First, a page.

From there, we made like a yellow blur north around Fredericksburg proper onto Route 290 to our next stop, Grape Creek Vineyards (www.grapecreek.com), a bit of Tuscany in Texas. Owner, Brian Heath acquired the winery from the estate of Texas winery old timer, Ned Simes and has nicely enhanced it with an Italian flair. Mark and I dove right into their premium Black Label wines for tastings of their Bellissimo (Red Super Tuscan blend), Cabernet-Syrah blend and Texas Port. These quality wines left us with smiles on our faces discussing the fruit and non-fruit essences of Grape Creek’s old-world style (quite appropriate for two guys tooling around in one of the old world’s better Bavarian machines). The style included what we agreed was a touch of “rural earth” that wine aficionados often like to associated in a pleasant way with the not so pleasant sounding bit of winespeak – “barnyard”. It is obvious why Grape Creek has brought home over 32 medals over the last two years from competitions from San Antonio to San Francisco. Most recently, they won a Grand Star award in the 2009 Lone Star International Wine Competition for their 2008 Viognier, a white wine that will be soon released in the winery’s tasting room.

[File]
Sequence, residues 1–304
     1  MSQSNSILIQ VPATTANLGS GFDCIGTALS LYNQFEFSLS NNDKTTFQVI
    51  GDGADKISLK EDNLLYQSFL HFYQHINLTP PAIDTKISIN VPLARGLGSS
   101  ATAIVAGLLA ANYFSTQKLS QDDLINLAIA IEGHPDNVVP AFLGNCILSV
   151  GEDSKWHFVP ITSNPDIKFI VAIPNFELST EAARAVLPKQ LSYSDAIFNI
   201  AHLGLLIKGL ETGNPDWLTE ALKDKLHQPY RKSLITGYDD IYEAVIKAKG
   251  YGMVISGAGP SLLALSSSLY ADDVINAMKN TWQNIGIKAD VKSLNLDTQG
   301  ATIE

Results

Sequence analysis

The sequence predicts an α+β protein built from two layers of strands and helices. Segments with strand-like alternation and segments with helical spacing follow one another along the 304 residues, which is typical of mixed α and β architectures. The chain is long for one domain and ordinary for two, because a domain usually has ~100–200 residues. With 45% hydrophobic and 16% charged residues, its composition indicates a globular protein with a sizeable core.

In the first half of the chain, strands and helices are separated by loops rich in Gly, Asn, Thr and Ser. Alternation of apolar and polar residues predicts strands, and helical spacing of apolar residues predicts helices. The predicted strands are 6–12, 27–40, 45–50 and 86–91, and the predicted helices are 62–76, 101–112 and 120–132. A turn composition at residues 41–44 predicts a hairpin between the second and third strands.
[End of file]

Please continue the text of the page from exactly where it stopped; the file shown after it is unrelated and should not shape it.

Following our Grape Creek wine tasting, we made a slick move in the yellow sports car, something that in the past you could only do in places like Napa Valley, California. That is, wheeling out of one winery and within 100 yards, pull back into another winery. In this case, the winery was Torre di Pietra (www.texashillcountrywine.com) where we were greeted by winery owner, Ken Maxwell and his wife. Ken is always one to try something new and this time was no exception. Two wines that Mark and I keyed on were his new Black Spanish red table wine made from grapes taken from the hearty grape vines grown right outside the winery and another red wine called Mataro. The second wine was very appropriately named since it is made from Mourvedre grapes, whose name in Spain is Mataro.
Visting a New Friend